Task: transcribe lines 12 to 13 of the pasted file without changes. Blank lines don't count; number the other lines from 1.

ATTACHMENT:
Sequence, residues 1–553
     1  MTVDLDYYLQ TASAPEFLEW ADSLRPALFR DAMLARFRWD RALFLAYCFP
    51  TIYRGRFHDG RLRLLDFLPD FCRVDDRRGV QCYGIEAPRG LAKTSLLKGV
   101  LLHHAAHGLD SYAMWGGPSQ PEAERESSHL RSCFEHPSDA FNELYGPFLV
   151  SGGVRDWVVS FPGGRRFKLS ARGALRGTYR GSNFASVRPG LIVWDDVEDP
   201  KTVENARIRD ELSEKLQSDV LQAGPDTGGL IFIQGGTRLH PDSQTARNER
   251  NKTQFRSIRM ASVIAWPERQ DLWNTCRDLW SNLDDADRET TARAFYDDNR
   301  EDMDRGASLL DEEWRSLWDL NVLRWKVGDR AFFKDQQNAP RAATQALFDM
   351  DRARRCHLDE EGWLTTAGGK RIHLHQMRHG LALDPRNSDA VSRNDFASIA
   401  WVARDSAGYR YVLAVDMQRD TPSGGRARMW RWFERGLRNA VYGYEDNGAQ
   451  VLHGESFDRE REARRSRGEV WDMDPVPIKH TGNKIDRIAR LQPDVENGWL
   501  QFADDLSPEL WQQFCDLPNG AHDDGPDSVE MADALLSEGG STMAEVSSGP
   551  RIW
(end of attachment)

   501  QFADDLSPEL WQQFCDLPNG AHDDGPDSVE MADALLSEGG STMAEVSSGP
   551  RIW